With the arrival of next-gen consoles and games, 2020 is all set to be a landmark year for gamers. Even the virus cannot fully dampen the excitement, as gaming is not affected too much by lockdowns and quarantines – for many, it actually gives more time to spend on their favourite games!
But time is not all we spend on our games – they cost money too. And with the rise of mobile gaming and “freemium models,” spending on games has been taken to a whole new level. Sinking hundreds of hours into a $60 game is one thing, but what about spending ten times as much (or more) on a free-to-play game? Where should one draw the line?
The Traditional Model is Fine, Even at $70
Okay, this is a pretty sensitive topic for most video gamers of the current and older generations. For well over thirty years, the price of the average big-release AAA title has not changed in the industry. Well actually, it was $60 in the 1990s era of Nintendo consoles, then $50 during the first Gen consoles, and back to $60 in the mid-2000s.
The fact of the matter is, game prices have stagnated when compared to other similar entertainment products and services. And with the new generation console launch, the industry is preparing to raise that pricing to $70 for the AAA titles – your Far Crys, Assassins Creeds, Call of Duty’s and so on.
As long as you get a more or less complete and wholesome gaming experience, be it for 10-15 hours or 60, that is still an okay price. After all, you will continue to own the title/disc and can play any time you want in the future. If it is a disc, you can even recoup some of your expenses by taking the trading/selling route.
With DLCs, it depends entirely on the content
Gone are the days when game devs launched a complete title and then maybe, release an expansion in a few years. Modern games are often cut up into different parts for better monetization. Sometimes, they sell you an incomplete game with a cliff-hanger ending and high-priced story DLCs dropping in a few months.
With these games, getting drip-fed in this fashion is not okay. A better option would be to wait until they release everything and package it into a GOTY edition. And if you can snag it during one of the Steam sales or other events, even better!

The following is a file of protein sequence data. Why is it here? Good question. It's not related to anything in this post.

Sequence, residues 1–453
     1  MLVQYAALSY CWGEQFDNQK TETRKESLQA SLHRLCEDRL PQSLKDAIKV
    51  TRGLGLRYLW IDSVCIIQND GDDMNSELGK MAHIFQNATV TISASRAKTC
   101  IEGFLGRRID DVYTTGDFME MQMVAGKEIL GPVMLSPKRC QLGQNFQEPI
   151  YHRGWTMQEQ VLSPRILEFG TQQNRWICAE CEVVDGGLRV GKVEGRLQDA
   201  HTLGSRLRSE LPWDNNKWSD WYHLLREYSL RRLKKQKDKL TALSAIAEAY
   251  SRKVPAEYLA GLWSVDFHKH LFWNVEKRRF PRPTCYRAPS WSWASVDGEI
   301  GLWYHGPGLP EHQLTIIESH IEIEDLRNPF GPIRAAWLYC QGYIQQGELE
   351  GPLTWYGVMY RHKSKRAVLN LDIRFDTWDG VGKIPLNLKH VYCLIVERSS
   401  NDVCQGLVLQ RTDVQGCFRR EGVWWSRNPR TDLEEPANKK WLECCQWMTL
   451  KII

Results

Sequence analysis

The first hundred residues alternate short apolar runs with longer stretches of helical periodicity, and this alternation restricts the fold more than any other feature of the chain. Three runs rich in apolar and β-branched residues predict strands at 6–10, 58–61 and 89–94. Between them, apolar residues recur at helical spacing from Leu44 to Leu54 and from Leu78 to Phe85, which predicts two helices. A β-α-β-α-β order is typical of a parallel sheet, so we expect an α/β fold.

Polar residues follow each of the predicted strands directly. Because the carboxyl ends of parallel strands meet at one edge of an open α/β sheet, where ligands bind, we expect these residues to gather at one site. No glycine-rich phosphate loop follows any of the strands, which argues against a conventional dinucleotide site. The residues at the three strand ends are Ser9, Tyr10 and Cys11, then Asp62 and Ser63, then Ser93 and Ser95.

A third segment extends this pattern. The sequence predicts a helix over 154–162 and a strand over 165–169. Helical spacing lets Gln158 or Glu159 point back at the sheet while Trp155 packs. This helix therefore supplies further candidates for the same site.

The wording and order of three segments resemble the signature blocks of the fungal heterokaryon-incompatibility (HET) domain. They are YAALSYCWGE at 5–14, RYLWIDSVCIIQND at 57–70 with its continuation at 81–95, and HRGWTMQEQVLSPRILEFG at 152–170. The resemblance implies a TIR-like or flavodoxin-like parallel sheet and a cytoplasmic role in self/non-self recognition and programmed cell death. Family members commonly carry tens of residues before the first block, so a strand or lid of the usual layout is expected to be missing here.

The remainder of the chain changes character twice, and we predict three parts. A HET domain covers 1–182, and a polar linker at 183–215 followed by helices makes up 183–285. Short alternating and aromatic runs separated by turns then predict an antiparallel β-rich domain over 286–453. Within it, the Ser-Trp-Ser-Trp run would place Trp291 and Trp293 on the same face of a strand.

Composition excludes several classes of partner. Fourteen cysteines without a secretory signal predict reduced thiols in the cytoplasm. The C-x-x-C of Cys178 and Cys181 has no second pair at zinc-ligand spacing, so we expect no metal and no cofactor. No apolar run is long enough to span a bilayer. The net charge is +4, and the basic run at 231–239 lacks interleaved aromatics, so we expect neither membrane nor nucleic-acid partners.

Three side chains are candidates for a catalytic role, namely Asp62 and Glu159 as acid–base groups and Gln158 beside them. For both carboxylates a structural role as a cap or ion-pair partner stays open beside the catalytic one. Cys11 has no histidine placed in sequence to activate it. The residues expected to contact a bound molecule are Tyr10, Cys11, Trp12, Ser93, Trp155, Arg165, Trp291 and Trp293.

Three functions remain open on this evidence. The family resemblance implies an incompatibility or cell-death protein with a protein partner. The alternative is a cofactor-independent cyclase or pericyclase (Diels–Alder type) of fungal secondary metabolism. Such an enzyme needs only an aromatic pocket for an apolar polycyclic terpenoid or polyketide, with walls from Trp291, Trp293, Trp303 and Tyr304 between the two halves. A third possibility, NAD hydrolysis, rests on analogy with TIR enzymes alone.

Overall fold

Story-based DLCs and expansions are still relatively benign and tolerable. Sometimes, they greatly enhance the overall gaming experience, like in The Witcher 3, or for a more recent example – Control. But cosmetic DLCs are a whole different deal, and they deserve another section devoted to the topic.
Draw the line at Micro-transactions and Cosmetic Skins
Mobile gaming has opened Pandora’s Box in the industry with its freemium model and micro-transactions. We now have real cash-based “stores” in almost all modern video games, especially those with a heavy multiplayer focus. These stores are out to exploit a gamer’s ego and vanity.
It’s understandable – we all want to look unique and stand out on the virtual battlefields and arenas. So we end up buying customization items like armor, unique costumes and weapons, most of which have no gameplay impact. Dabbling a bit in this kind of dress-up is fine – but if you are not careful and the devs are greedy, it can get out of hand.
On the other hand, buying levelled gear to progress is a really bad deal. Game devs should not be encouraged to design game progression in this way – creating artificially high-level requirements that would take players hours of boring grind to reach, or a few dollars of your cash. The recent Assassin’s Creed games like Odyssey and Valhalla have this, and you should not encourage it by spending money on such items.
Even gambling is better than loot boxes
Loot boxes are the absolute worst form of spending money on video games, period. We do not encourage gambling, but if you are an adult and thinking about spending on loot boxes, you are better off using that cash on slots and an actual new instant withdrawal casino.
The logic is simple – with loot boxes in Fifa or other games, you get only virtual players or cards. Some may have value in the underground trading circles, but the vast bulk of what you get is worthless trash. People spend thousands of dollars for the thrill of random loot – it is the same impact you get from playing slots.
At least with slots, when you hit a vein of luck, what you get in your hand is real money. Even then, we don’t even recommend that you play slots – spending money like that for entertainment is dangerous.
The choice is plenty
Ultimately, games are a form of entertainment, just like movies or TV. And just like TV/Netflix, the games industry even has subscription formats like the Xbox Game Pass. You get access to games worth thousands of dollars by paying just around $10 per month.
Deals like that are far preferable to dropping thousands of dollars on loot boxes, skins, and microtransactions, which are largely worthless outside the game world. When you buy a game+DLC, you can keep playing for years. With these skins and cards, they expire the moment a new edition of the game launches in a year or two.
Spending any money on such products is frankly, madness, and not worth your money. Indulge a bit on a special character if you play online multiplayer heavily, or are a pro-streamer. But otherwise, stay away from such things and use that cash on better hardware or games instead!